Monday, November 28



FireWire, originally developed by Apple Computer, Inc is a cross platform implementation of the high speed serial data bus –define by the IEEE 1394-1995 [FireWire 400], IEEE 1394a-2000 [FireWire 800] and IEEE 1394b standards-that move large amounts of data between computers and peripheral devices. Its features simplified cabling, hot swapping and transfer speeds of upto 800 megabits per second. FireWire is a high-speed serial input/output (I/O) technology for connecting peripheral devices to a computer or to each other. It is one of the fastest peripheral standards ever developed and now, at 800 megabits per second (Mbps), its even faster. 

Based on Apple-developed technology, FireWire was adopted in 1995 as an official industry standard (IEEE 1394) for cross-platform peripheral connectivity. By providing a high-bandwidth, easy-to-use I/O technology, FireWire inspired a new generation of consumer electronics devices from many companies, including Canon, Epson, HP, Iomega, JVC, LaCie, Maxtor, Mitsubishi, Matsushita (Panasonic), Pioneer, Samsung, Sony and Texas Instruments. Products such as DV camcorders, portable external disk drives and MP3 players like the Apple iPod would not be as popular as they are today with-out FireWire. 


1. Introduction
2. Topology
3. Transfers and transactions
4. Configurations
5. Normal arbitration

6. 1394a arbitration enhancements
7. Key features
8. Support for a wide range of devices
9. Hardware and software support
10. Conclusion

Transfers And Transactions 

Isochronous transfers: Isochronous transfers are always broadcast in a one-to-one or one-to-many fashion. No error correction or retransmission is available for isochronous transfers. Up to 80% of the available bus bandwidth can be used for isochronous transfers. The delegation of bandwidth is tracked by a node on the bus that occupies the role of isochronous resource manager. This may or may not be the root node or the bus manager. The maximum amount of bandwidth an isochronous device can obtain is only limited by the number of other isochronous devices that have already obtained bandwidth from the isochronous resource manager. 

Asynchronous transfers:  Asynchronous transfers are targeted to a specific node with an explicit address. They are not guaranteed a specific amount of bandwidth on the bus, but they are guaranteed a fair shot at gaining access to the bus when asynchronous transfers are permitted. Asynchronous transfers are acknowledged and responded to. This allows error-checking and retransmission mechanisms to take place. 

Normal Arbitration

Link Layer 

The link layer is the interface between the physical layer and the transaction layer. The link layer is responsible for checking received CRCs and calculating and appending the CRC to transmitted packets. In addition, because isochronous transfers do not use the transaction layer, the link layer is directly responsible for sending and receiving isochronous data. The link layer also examines the packet header information and determines the type of transaction that is in progress. This information is then passed up to the transaction layer.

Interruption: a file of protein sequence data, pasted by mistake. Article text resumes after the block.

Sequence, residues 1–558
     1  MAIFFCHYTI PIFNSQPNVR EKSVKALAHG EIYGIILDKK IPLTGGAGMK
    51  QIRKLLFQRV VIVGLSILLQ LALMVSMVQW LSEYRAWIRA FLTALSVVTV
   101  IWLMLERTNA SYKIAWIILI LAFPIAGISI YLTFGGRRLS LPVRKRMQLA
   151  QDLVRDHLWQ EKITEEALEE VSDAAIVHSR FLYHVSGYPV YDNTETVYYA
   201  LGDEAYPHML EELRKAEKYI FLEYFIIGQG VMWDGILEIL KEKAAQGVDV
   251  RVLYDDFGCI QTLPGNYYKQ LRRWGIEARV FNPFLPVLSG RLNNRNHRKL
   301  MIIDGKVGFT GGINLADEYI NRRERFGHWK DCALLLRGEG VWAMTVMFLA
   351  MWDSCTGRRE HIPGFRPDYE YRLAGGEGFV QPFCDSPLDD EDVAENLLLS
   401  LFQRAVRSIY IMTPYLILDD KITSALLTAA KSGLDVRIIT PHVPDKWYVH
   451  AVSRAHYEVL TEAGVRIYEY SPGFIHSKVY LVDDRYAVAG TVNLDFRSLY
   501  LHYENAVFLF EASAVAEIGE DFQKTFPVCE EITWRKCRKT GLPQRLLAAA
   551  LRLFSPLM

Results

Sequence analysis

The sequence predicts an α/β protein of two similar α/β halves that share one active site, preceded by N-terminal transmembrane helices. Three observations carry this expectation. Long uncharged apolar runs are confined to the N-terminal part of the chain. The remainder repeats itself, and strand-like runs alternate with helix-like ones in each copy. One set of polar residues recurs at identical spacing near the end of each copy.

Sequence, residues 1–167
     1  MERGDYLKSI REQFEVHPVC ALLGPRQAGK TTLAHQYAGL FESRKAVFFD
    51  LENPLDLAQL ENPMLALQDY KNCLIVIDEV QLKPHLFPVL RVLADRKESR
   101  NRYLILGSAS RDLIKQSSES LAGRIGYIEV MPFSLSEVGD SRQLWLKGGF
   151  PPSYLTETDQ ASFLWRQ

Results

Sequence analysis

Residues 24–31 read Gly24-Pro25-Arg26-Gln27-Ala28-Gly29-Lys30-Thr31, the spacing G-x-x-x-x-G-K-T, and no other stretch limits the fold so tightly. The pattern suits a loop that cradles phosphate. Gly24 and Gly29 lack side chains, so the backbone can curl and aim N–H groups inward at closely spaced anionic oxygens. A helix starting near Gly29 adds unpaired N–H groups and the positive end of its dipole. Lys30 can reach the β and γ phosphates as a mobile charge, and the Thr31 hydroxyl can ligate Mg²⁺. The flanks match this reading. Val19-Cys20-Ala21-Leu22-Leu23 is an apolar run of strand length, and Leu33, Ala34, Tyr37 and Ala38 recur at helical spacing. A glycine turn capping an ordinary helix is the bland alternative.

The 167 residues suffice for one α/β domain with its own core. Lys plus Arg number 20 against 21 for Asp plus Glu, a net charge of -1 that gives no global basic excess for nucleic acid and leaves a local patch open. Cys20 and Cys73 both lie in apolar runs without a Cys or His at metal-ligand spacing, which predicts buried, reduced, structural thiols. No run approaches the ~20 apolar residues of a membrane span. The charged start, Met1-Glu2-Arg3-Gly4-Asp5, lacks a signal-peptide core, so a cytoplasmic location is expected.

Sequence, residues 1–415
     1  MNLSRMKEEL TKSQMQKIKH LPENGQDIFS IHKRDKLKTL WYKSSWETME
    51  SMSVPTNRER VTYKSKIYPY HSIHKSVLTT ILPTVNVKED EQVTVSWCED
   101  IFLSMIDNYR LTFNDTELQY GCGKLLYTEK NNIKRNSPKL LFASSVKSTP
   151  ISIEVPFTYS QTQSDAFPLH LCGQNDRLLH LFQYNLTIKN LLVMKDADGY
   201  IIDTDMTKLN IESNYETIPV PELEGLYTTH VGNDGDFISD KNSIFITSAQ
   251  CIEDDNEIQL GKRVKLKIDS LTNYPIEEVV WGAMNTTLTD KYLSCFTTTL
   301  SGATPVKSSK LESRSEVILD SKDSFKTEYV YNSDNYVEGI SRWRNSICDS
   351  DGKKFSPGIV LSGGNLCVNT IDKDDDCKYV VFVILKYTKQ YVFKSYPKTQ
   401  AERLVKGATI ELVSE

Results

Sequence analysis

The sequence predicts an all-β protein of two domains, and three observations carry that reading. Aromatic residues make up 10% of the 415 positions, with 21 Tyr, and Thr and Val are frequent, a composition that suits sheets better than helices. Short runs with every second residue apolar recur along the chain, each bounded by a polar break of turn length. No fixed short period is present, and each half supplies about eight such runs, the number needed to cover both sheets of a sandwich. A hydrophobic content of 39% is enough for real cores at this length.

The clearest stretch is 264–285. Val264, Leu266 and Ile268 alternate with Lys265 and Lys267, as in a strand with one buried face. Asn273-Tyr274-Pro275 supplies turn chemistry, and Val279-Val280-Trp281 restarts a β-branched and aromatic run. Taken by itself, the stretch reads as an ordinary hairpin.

Transaction Layer 

The transaction layer is used for asynchronous transactions. The 1394 protocol uses a request-response mechanism, with confirmations typically generated within each phase. Several types of transactions are allowed. They are listed as follows: 

• Simple quadlet (four-byte) read
• Simple quadlet write
• Variable-length read
• Variable-length write
• Lock transactions 

Lock transactions allow for atomic swap and compare and swap operations to be performed. Transactions can be split, concatenated, or unified. Figure 3 illustrates a split transaction. The split transaction occurs when a device cannot respond fast enough to the transaction request. When a request is received, the node responds with an acknowledge packet. An acknowledge packet is sent after every asynchronous packet. 

Key Features

1)  Data transfer speeds up to 800 Mbps
2)  Distances up to 100 meters
3)  Plug-and-play connectivity
4)  Highly efficient architecture 

Plug-and-Play Connectivity

FireWire allows for true hot-swappable, plug-and-play connection of peripheral devices. There is no need to shut down the computer before adding or removing a FireWire device. Nor do you need to install drivers, assign unique ID numbers, or connect terminators. You can connect a few devices in a simple chain or add hubs to attach as many as 63 devices to a single FireWire bus. The number of available FireWire buses can be increased via PCI and CardBus cards. FireWire is a true peer-to-peer technology. Using a FireWire hub, multiple computers and FireWire peripherals can be connected at the same time. Such an arrangement would, for instance, enable two computers to share a single FireWire camera.

On-Bus Power

Like its predecessor, FireWire 800 provides significant amounts of power on its bus (up to 45 watts, with a maximum of 1.5 amps and 30 volts). This means that many devices can be powered through the FireWire cable and will not need their own power cables and adapters. For example, Apple’s iPod digital music player uses FireWire as its sole data and power connection. The player can recharge its built-in battery while it’s downloading new music from your computer. FireWire also includes an aggressive power management scheme; power is used only when actually needed.


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